Finally, plaintiffs' reliance on section 44929.25 is of no avail. That statute provides in part that a teacher of adult education shall receive tenure “for the service equivalent to the average number of hours per week that he or she has served during his or her probationary years” and that “[t]he service for which the person has acquired tenure may be reduced in conformity with Section[ ] 44955․” As we read it, section 44929.25 simply guarantees that teachers of adult education receive the same protections as other teachers under section 44955. Those protections, as stated, apply only to a termination of employment, not to a partial, insignificant reduction in work hours.
In sum, the trial court properly found that plaintiffs' rights under the Education Code were not violated.
C. Due Process Rights
In their opening brief, plaintiffs assert that the District's “failure to comply with Education Code §§ 44949 and 44955 ․ is a denial of [plaintiffs'] constitutional due process rights.” (Citing Perry v. Sindermann (1972) 408 U.S. 593, 92 S.Ct. 2694, 33 L.Ed.2d 570 and Skelly v. State Personnel Bd. (1975) 15 Cal.3d 194, 124 Cal.Rptr. 14, 539 P.2d 774.)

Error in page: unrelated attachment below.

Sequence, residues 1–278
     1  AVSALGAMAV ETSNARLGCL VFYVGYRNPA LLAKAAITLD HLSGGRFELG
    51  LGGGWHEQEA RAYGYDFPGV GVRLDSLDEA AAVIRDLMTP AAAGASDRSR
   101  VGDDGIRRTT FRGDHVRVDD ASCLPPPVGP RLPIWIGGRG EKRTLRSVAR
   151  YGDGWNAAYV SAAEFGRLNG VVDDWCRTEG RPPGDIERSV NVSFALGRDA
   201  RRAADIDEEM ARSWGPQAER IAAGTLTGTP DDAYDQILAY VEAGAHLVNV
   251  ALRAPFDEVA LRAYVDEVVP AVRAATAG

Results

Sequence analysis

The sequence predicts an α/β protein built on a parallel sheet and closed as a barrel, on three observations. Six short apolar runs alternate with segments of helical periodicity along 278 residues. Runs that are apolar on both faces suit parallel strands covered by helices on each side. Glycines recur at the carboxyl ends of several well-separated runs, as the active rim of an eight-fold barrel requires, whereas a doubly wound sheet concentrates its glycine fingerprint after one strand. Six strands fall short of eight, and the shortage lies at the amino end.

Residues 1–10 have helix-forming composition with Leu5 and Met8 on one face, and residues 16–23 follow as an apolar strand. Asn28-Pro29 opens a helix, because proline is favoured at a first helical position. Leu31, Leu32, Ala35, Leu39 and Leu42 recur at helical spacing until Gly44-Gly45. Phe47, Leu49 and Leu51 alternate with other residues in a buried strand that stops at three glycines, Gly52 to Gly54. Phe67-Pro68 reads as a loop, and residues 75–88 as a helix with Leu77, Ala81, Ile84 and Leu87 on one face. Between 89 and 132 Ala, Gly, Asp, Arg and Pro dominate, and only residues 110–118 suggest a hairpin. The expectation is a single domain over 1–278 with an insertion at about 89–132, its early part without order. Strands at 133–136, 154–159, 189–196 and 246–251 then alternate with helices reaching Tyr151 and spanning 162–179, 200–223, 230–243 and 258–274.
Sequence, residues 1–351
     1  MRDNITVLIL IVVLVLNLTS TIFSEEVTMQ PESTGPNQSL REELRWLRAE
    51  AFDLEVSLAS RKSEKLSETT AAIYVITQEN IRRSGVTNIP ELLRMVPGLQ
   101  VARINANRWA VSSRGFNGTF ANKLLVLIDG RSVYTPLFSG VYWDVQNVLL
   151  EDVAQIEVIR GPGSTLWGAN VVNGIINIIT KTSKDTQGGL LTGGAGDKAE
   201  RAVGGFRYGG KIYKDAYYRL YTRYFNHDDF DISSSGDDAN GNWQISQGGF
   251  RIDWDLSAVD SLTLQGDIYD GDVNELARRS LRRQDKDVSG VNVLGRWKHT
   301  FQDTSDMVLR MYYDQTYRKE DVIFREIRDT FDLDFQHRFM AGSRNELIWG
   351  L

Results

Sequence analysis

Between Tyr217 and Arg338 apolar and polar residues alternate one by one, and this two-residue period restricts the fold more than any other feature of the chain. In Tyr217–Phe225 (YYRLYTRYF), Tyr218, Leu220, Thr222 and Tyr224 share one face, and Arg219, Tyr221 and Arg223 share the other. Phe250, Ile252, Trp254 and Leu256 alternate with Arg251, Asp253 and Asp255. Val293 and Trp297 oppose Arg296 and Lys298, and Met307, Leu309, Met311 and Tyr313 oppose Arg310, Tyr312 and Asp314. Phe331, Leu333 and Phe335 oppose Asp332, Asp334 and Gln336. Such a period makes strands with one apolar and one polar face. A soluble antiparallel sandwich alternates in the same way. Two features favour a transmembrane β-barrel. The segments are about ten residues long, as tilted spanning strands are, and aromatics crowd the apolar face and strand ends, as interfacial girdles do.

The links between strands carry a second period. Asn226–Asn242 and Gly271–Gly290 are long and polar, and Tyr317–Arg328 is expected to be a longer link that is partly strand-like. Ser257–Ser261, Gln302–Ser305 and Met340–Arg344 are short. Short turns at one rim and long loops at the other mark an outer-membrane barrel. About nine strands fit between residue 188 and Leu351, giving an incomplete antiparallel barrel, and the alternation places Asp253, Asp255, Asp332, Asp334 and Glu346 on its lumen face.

To the extent this contention is based on a violation of the Education Code, it is without merit for the reason that no such violation occurred. (See pt. B., ante.) Moreover, to the extent plaintiffs are claiming that the District violated the due process clause independently of the Education Code, this contention, too, lacks merit. Before the due process clause mandates procedural safeguards in the employment context, the employee must establish that the employer's conduct adversely affects a constitutionally recognized property right. (Shoemaker v. County of Los Angeles (1995) 37 Cal.App.4th 618, 630–631, 43 Cal.Rptr.2d 774.) In this case, plaintiffs have not identified a protectible property interest, i.e., a legitimate entitlement to the hours they previously worked. (See ibid.) Accordingly, the District did not violate the due process clause in reducing plaintiffs' work hours.